Thursday, December 23, 2010

The President has accomplished a lot, but at what cost?

Well, yesterday marked the official end of the 111th Congress and the unofficial end to the first half of President Obama's first term and there's no denying the amount legislative accomplishments President Obama has had. Besides the Affordable Health Care Act which reformed the health insurance industry, there was Lily Lebetter Fair Pay Act, Matthew Shepard Hate Crimes Prevention Act, tobacco regulation, credit card reform, student laon reform, Wall Street reform, the Recover Act which brought us back from the brink of collapse, the new GI Bill, the Food Safety Moderdization Act, James Zadroga 9/11 Health and Compensation Act, the bailout of the auto industr, the repeal of Don't Ask Don't Tell, and the tax cut compromise. That's a rather long list and in fact in the first two years, 85% of the president's agenda for his first term was accomplished. The only problem is, some of the larger bills were watered down compared to the original ideas.
Take for instance the Affordable Health Care Act; when it was first proposed there was the addition of the public option, a way for people to buy health insurance through the government in a larger exchange in an attempt to drive the premiums of other companies. That was soon replaced with lower the Medicare age, which in turn was replaced with the individual mandate. The final bill was a shell of its former self in an attempt to get the Republican votes that never came. To put it in other words, it was like taking a shot of espresso, bold and exciting, and dumping it into a gallon of water. What we have left is something diluted, hard to swallow, and leaves a bad taste in your mouth (I'm sure the people at the Coffee Party would get a kick out of that analogy). The same can be said for the Wall Street reform, in a futile attempt to get Republican support, the bill lost some of its luster by the time it was passed.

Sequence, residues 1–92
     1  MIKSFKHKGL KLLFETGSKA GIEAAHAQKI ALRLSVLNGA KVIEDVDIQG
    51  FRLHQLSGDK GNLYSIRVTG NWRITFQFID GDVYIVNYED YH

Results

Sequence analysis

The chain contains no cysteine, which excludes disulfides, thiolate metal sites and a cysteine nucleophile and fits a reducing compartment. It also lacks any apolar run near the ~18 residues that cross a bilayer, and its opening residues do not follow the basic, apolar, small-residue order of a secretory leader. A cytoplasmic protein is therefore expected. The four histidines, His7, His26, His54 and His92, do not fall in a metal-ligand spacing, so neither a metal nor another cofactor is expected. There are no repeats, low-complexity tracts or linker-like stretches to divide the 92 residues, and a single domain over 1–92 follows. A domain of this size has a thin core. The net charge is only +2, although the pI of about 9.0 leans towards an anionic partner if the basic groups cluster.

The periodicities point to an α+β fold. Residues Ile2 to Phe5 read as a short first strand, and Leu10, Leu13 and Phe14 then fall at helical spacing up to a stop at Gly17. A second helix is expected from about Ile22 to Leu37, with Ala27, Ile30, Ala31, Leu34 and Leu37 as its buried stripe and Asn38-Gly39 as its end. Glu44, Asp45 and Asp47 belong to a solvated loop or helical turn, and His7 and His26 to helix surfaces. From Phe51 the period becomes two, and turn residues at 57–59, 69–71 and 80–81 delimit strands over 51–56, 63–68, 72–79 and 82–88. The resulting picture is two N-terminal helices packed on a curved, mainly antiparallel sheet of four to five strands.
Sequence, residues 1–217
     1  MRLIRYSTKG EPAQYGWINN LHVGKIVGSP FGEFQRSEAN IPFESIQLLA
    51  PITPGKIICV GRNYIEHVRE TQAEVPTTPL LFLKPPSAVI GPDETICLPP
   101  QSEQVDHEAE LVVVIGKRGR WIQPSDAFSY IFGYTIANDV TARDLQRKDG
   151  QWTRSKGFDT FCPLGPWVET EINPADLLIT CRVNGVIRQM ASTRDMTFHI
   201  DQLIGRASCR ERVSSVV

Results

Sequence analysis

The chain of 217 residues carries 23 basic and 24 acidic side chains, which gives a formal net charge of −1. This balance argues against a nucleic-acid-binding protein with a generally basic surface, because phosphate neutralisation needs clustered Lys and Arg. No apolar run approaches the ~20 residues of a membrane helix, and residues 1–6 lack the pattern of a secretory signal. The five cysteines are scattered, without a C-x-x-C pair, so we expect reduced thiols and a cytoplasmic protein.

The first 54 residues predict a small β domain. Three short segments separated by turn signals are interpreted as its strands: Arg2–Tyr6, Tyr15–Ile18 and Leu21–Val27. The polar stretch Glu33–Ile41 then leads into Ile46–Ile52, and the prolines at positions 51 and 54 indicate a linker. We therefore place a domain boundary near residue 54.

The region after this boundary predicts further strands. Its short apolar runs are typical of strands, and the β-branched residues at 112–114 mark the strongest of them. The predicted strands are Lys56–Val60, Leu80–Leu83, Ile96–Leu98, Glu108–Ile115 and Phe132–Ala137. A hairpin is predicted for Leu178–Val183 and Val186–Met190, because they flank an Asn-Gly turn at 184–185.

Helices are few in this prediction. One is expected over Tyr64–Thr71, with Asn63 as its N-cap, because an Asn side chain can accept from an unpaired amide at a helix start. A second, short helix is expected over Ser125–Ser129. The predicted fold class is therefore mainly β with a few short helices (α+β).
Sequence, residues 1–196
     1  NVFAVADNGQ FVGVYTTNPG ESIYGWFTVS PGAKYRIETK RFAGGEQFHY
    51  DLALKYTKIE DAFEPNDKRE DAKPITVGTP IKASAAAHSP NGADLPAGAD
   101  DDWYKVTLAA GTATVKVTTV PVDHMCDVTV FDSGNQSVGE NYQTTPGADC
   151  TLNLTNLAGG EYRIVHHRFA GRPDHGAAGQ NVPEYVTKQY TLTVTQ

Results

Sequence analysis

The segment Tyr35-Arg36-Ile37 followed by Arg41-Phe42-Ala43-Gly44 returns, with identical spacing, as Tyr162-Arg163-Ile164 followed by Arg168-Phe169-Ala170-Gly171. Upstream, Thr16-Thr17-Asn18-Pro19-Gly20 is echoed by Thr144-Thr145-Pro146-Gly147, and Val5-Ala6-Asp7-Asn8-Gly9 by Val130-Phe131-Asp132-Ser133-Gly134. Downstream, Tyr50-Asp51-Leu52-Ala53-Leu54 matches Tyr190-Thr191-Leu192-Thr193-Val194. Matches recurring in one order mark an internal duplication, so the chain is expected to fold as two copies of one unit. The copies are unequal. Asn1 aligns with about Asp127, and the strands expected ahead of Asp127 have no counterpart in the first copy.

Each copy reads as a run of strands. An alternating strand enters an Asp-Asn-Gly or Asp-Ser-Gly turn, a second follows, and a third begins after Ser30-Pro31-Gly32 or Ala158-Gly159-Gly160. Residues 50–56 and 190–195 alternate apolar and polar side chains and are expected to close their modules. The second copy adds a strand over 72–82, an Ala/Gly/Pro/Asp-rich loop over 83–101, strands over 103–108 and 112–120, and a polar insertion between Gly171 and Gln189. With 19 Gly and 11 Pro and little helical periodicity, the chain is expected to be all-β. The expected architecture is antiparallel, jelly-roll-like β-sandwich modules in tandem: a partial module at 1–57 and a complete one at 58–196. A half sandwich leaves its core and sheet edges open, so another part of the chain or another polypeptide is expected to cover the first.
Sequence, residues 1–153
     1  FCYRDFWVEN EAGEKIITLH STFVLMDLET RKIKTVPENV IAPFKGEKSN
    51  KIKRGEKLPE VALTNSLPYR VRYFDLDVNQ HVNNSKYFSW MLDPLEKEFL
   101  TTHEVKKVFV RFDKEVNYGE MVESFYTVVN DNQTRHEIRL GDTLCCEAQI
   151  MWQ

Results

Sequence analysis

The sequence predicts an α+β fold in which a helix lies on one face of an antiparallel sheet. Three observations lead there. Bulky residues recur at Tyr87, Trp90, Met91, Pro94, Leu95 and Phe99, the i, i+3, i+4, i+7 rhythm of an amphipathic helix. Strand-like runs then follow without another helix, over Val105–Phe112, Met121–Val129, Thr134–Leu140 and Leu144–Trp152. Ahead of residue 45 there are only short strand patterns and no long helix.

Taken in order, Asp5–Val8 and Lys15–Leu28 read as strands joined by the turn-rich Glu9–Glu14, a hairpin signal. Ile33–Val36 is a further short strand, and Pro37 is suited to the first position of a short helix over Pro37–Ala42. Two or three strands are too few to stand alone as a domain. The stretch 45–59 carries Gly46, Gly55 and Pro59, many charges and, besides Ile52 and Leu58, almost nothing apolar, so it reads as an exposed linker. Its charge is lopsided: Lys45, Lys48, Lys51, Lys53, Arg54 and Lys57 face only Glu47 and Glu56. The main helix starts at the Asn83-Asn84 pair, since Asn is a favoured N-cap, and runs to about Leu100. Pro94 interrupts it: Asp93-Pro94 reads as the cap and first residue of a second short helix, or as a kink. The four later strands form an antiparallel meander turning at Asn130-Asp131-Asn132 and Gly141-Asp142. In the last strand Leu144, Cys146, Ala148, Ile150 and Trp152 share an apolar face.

And to add insult to injury, at the end of the so-called lame duck session thie week, Congress passed a stop gap spending bill that continues the current spending levels until March since the omnibus bill failed to make it to a vote. What this means is that the funds that would go to start implementing the health care and Wall Street reform won't be there and that reform will be further stalled until the Republicans get a chance to pick it apart and repeal it.
And then there is the tax cut compromise, which I already wrote about earlier, but to reiterate, the president walked back on his promise to let the Bush tax cuts for the top 2% expire by extending them with the rest of the cuts for 2 years. Also there is the estate tax issue and the payroll tax holiday, which starts the inevitable defunding of Social Security.
The 112th Congress will be different as the Republicans have more say and control the House of Representatives. I relunctantly look forward to see what comes out of it.

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